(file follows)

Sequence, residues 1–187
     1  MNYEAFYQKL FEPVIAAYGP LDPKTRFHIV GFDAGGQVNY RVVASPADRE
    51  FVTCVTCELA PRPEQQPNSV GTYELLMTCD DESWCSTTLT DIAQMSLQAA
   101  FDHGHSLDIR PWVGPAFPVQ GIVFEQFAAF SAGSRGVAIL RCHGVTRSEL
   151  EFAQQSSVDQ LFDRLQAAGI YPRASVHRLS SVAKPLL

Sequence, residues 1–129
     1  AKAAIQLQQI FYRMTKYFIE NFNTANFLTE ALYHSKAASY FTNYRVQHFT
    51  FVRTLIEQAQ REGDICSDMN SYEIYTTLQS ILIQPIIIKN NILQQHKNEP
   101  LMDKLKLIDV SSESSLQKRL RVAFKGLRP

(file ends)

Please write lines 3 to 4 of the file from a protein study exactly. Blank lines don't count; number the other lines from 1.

    51  FVTCVTCELA PRPEQQPNSV GTYELLMTCD DESWCSTTLT DIAQMSLQAA
   101  FDHGHSLDIR PWVGPAFPVQ GIVFEQFAAF SAGSRGVAIL RCHGVTRSEL